On Jan. 2, Levin also tweeted that “massive fraud perpetrated against the president absolutely merit(s) a showdown in Congress on January 6th!”

The New York Times’ Tiffany Hsu notes that on his show, Bongino has talked about “irregularities” in the election.

Cumulus, which is based in Atlanta, owns 416 stations in nearly 90 markets across the country.

Big changes at Fox News

Fox News likes to brag about being fair and balanced and it likes to emphasize its news reporting. And yet the network made a big change Monday, placing an emphasis on opinion instead of news.

“The Story with Martha MacCallum,” considered a news program, is being shifted out of the 7 p.m. Eastern time slot to make room for a new opinion show called “Fox News Primetime,” which will be hosted by a rotating group until a permanent host is named at a later date. Brian Kilmeade from “Fox & Friends” will be the first host.

MacCallum’s show will now air at 3 p.m.

At first glace, you might look at this move and think it’s a reaction to Newsmax, the ultraconservative and heavily pro-Trump network that has gained some traction since the election by perpetuating the lie that the election was rigged. The 7 p.m. show on Newsmax hosted by Greg Kelly has been the network’s highest-profile program. However, Fox News hinted back in October that it might tinker with its lineup.

Also, to be clear, Fox News is still crushing Newsmax in the ratings — Fox News gets about 3 million in primetime, while Newsmax doesn’t even get a half million. Nevertheless, the move might help Fox News fend off any possible challenges from Newsmax, especially from Kelly at 7 p.m.

The new opinion show on Fox News will lead into Fox News’ primetime punditry of Tucker Carlson, Sean Hannity and Laura Ingraham.

Other changes to Fox News’ lineup: a new two-hour show, “America Reports With John Roberts & Sandra Smith,” will air from 1 to 3 p.m. Eastern. Bill Hemmer moves from his 3 p.m. Eastern solo show to join “America’s Newsroom” with Dana Perino from 9 to 11 a.m. Eastern. Harris Faulkner is moving to 11 a.m. Eastern with a show called “The Faulkner Focus.”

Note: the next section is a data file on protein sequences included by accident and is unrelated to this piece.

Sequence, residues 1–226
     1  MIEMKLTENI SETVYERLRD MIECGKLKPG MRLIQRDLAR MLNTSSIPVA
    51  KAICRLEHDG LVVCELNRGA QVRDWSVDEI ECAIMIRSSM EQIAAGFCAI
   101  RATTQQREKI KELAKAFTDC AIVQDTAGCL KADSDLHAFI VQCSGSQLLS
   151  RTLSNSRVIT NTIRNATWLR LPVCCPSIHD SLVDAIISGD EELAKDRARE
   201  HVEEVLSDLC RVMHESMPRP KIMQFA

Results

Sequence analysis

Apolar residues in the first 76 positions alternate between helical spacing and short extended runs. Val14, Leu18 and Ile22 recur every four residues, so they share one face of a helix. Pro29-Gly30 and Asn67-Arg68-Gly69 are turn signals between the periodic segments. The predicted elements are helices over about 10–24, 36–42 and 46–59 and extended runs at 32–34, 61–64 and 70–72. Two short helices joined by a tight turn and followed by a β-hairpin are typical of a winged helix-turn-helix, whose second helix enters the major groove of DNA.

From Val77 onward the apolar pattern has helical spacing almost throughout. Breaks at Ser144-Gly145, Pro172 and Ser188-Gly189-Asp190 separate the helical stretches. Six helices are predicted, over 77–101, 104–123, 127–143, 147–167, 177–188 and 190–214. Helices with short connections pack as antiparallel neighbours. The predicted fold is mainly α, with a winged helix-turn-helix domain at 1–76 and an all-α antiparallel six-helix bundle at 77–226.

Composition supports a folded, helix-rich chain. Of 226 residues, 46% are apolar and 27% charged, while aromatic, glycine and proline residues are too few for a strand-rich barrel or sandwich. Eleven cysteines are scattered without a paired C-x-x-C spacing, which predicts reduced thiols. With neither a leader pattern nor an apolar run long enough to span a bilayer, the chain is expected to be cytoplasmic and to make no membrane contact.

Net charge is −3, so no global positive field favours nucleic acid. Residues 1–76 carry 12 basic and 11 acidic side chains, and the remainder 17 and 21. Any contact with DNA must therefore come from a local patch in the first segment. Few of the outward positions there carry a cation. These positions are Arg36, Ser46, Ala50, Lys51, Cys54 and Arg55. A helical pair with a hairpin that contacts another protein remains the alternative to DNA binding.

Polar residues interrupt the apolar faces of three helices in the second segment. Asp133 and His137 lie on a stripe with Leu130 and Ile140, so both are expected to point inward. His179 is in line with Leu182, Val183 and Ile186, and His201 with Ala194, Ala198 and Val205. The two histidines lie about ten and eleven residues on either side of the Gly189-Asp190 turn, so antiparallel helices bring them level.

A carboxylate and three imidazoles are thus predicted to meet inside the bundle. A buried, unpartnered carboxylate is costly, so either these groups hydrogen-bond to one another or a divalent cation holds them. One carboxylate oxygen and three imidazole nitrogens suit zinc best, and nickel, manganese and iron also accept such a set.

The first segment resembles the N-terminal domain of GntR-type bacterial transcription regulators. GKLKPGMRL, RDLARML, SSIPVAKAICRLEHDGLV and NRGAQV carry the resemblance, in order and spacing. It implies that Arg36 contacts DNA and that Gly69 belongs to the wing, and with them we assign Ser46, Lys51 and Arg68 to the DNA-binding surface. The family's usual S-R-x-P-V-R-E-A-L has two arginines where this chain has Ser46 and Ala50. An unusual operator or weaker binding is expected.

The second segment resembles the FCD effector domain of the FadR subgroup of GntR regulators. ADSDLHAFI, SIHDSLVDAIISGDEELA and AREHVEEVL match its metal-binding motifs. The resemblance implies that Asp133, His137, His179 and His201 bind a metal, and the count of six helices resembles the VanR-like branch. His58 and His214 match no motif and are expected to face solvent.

Journalists: Submit your best work of 2020 by Feb. 5. The Scripps Howard Awards offer $170,000 in prize money in 14 categories for journalism across all platforms. The awards recognize impactful journalism and work that embraces new tools, technologies and approaches. Submit at

Changes at CNN, too

CNN’s Jake Tapper. (Photo by Evan Agostini/Invision/AP)

CNN made programming announcements on Monday — the most notable being that Dana Bash will now share hosting duties for “State of the Union” with Jake Tapper on Sunday mornings and Abby Phillip will anchor a Sunday morning show.

“Inside Politics Sunday with Abby Phillip” will air from 8 to 9 a.m. Eastern starting Jan. 24. Phillip also has been named the network’s senior political correspondent.

Bash and Tapper will each anchor “State of the Union” twice a month, also starting Jan. 24. Tapper’s weekday show, “The Lead with Jake Tapper” is being expanded from 4 to 6 p.m. Eastern.

White House reporter Jim Acosta will take on weekend anchoring responsibilities. Details of when will be announced soon. Also, Pamela Brown will begin anchoring “CNN Newsroom” on Saturdays and Sundays from 6 to 9 p.m. starting Jan. 23.

CNN also announced several other moves, including naming Kaitlan Collins as chief White House correspondent and Phil Mattingly as senior White House correspondent.

Big news at ‘CBS This Morning’

“CBS This Morning” has a new executive producer. It’s Shawna Thomas, who comes over from Quibi. Before that, Thomas was the Washington, D.C., bureau chief for Vice News and a senior producer for NBC’s “Meet the Press.” CBS News President Susan Zirinsky said, “Shawna Thomas is one of the top news minds in our field. She’s a hands-on storyteller, accomplished journalist and an inspiring leader. Shawna has consistently embraced new ways and platforms to deliver high-quality journalism to audiences everywhere.”